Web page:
The mimids are the New World family of passerine birds, Mimidae, that includes thrashers, mockingbirds, tremblers, and the New World catbirds. As their name (Latin for "mimic") suggests, these birds are notable for their vocalization, especially some species' remarkable ability to mimic a wide variety of birds and other sounds heard outdoors.

Gray catbird
Dumetella carolinensis
Scientific classification
Kingdom: Animalia
Phylum: Chordata
Class: Aves
Order: Passeriformes
Superfamily: Muscicapoidea
Family: Mimidae
Bonaparte, 1853



There are over 30 species of mimids in two larger and some 10 small or monotypic genera. They tend towards dull grays and browns in their appearance, though a few are black or blue-gray, and many have red, yellow, or white irises. They range from 20 to 33 centimetres in length, and 36 to 56 grams in weight.[1] Many mimids have a rather thrush-like pattern: brown above, pale with dark streaks or spots below. They tend to have longer tails than thrushes (or the bigger wrens, which they also resemble) and longer bills that in many species curve downward.[2]

They have long, strong legs (for passerines) with which many species hop through undergrowth searching for arthropods and fruits to eat. Their habitat varies from forest undergrowth to scrub, high-altitude grasslands, and deserts. The two tremblers live in the atypical habitat of rain forests in the Lesser Antilles, and the brown trembler has the particularly atypical behavior of foraging while clinging to tree trunks.[2]

All known species build somewhat messy, bulky twig nests in dense growth, in most species on the ground or no more than 2 meters up. They usually lay 2 to 5 eggs that hatch in 12 or 13 days, which is also the length of time the chicks stay in the nest. Breeding usually starts in the spring or early in the rainy season, and many species can have two or even three broods per year. Most failures to fledge young are due to predation. Pairs often stay together for more than one breeding season.[2]

In the history of science

Contrary to often-held belief, the Nesomimus mockingbirds may have played at least as great a role as Darwin's finches in inspiring Darwin's work on his theory of evolution.[3]


Outside the family

Phylogenetic analyses have shown that mimids are most closely related to starlings.[4][5] These and oxpeckers (and the Philippine creepers if they are not outright but highly apomorphic starlings) form a group of Muscicapoidea which originated probably in the Early Miocene – very roughly 25–20 mya[6] – somewhere in East Asia.[5] This is evidenced by the Asian-SW Pacific distribution of the most basal starlings (and Philippine creepers) and the North American range of the basal mimids.

They are sometimes united with the starlings in the Sturnidae as a tribe Mimini as proposed by Sibley & Monroe (1990).[4] This makes the expanded Sturnidae a rather noninformative group and is probably due to the methodological drawbacks of their DNA-DNA hybridization technique.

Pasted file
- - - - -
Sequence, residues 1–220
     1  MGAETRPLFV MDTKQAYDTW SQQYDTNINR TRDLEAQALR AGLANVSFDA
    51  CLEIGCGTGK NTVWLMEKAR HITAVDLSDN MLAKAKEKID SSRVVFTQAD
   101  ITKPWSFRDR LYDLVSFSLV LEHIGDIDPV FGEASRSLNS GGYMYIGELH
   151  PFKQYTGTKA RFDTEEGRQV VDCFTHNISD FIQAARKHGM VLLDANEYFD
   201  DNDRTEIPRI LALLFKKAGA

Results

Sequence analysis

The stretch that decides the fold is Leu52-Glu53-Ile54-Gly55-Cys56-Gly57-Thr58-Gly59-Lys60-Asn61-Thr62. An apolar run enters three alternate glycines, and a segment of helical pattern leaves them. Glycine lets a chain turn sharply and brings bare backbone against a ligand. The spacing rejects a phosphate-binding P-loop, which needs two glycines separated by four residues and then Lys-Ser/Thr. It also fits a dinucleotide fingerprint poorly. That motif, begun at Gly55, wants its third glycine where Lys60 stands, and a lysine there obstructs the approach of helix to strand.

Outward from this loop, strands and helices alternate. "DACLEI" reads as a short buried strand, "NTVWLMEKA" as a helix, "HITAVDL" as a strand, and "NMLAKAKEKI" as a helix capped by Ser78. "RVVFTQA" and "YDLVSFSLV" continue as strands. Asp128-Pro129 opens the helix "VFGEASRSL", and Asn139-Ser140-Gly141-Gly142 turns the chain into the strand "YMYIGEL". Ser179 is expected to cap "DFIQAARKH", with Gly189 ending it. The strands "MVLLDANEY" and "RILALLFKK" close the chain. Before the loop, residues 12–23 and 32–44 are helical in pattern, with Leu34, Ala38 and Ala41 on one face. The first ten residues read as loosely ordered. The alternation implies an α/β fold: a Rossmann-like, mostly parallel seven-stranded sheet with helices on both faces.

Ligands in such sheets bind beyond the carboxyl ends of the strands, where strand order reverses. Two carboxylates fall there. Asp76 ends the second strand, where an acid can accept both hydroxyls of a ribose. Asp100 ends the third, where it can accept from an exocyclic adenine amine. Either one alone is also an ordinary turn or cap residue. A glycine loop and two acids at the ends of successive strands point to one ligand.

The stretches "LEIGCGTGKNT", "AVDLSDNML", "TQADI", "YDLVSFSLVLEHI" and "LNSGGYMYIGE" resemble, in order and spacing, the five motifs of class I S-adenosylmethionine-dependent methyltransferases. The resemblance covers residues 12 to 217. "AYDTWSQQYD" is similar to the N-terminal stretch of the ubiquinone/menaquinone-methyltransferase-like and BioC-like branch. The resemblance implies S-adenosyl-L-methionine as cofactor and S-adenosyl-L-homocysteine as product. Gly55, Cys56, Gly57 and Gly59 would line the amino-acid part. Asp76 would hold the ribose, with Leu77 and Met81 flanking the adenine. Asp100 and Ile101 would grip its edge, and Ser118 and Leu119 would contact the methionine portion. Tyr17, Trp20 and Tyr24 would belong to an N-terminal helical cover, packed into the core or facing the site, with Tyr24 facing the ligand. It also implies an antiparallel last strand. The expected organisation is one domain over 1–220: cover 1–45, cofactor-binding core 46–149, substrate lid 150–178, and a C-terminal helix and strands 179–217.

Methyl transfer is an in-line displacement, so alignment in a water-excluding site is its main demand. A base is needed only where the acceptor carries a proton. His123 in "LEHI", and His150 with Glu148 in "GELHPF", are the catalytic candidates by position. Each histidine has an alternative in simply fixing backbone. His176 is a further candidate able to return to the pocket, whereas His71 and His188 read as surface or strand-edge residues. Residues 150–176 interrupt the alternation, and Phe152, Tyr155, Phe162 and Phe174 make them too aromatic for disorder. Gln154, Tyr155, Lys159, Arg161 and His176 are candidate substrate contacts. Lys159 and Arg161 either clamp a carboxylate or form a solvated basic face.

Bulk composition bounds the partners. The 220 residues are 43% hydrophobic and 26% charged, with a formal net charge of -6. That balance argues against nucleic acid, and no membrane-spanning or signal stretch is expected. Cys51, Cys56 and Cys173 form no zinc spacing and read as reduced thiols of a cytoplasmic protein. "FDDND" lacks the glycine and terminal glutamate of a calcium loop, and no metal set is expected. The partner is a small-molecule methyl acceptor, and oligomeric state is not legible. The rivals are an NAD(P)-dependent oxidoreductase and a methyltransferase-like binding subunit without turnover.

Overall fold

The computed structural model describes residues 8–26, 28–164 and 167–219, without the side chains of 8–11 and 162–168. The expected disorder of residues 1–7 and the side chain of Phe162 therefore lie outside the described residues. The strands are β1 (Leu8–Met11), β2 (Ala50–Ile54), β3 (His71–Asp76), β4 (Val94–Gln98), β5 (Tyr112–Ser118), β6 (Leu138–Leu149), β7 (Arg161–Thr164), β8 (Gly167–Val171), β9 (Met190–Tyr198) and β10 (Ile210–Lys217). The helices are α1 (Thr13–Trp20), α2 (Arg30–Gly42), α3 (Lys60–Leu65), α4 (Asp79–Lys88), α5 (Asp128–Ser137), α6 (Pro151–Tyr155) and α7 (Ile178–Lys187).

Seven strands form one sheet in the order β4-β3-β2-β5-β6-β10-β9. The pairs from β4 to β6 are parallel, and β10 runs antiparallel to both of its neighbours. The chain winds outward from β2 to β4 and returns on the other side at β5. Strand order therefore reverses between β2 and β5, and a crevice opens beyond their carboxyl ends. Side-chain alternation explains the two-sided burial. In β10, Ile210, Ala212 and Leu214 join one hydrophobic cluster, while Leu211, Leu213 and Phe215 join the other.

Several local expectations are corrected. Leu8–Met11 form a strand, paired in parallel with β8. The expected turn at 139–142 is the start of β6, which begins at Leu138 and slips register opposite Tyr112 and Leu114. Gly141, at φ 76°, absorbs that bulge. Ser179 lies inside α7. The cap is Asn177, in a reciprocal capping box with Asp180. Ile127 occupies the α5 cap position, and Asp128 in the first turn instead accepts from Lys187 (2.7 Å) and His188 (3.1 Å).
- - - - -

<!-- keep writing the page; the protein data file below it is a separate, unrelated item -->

Within the family

The mockingbirds with some thrashers seem to form one major clade, while the two other groups and the remaining thrashers seem to form the another, but the basal branching pattern is not well resolved. The tremblers, again, are a monophyletic lineage. The latter, however, are embedded in a paraphyletic catbird-Caribbean thrasher assemblage which consists of many rather basal lineages.[7][8]

For detailed information on the evolutionary relationships of the different mimid lineages, see their articles.


  • Genus Mimus – typical mockingbirds (some 10 species, includes Mimodes)
  • The former genus Nesomimus, now part of Mimus[9] – mockingbirds of the Galápagos Islands (4 species)
  • Genus Melanotis – blue mockingbirds (2 species)

New World catbirds:



  • Genus Cinclocerthia (2 species)


  1. McClure, H. Elliott (1991). Forshaw, Joseph (ed.). Encyclopaedia of Animals: Birds. London: Merehurst Press. pp. 183–184. ISBN 1-85391-186-0.
  2. Clement; Peter; Perrins, Christopher (2003). Mockingbirds. In: Perrins, Christopher (ed.): The Firefly Encyclopedia of Birds: 534–535. Firefly Books. ISBN 1-55297-777-3
  3. Curry, Robert L. (2003). Darwin and the mockingbirds of Galápagos. Archived 1 September 2006 at the Wayback Machine
  4. Sibley, Charles Gald & Monroe, Burt L. Jr. (1990). Distribution and taxonomy of the birds of the world: A Study in Molecular Evolution. Yale University Press, New Haven, CT. ISBN 0-300-04969-2
  5. Zuccon, Dario; Cibois, Anne; Pasquet, Eric & Ericson, Per G.P. (2006). Nuclear and mitochondrial sequence data reveal the major lineages of starlings, mynas and related taxa. Molecular Phylogenetics and Evolution 41(2): 333–344. doi:10.1016/j.ympev.2006.05.007 PMID 16806992 (HTML abstract)
  6. The seemingly precise dates of Zuccon et al. are not based on material evidence but on a crude estimate; a general Early Miocene age agrees with the phylogeny of other Passeri however.
  7. Barber, Brian R.; Martínez-Gómez, Juan E. & Peterson, A. Townsend (2004). Systematic position of the Socorro mockingbird Mimodes graysoni. J. Avian Biol. 35: 195–198. doi:10.1111/j.0908-8857.2004.03233.x (HTML abstract)
  8. Hunt, Jeffrey S.; Bermingham, Eldredge; & Ricklefs, Robert E. (2001). Molecular systematics and biogeography of Antillean thrashers, tremblers, and mockingbirds (Aves: Mimidae). Auk 118(1): 35–55. DOI:10.1642/0004-8038(2001)118[0035:MSABOA]2.0.CO;2 HTML fulltext without images
  9. American Ornithologists' Union, "Changes since 1 March 2005"

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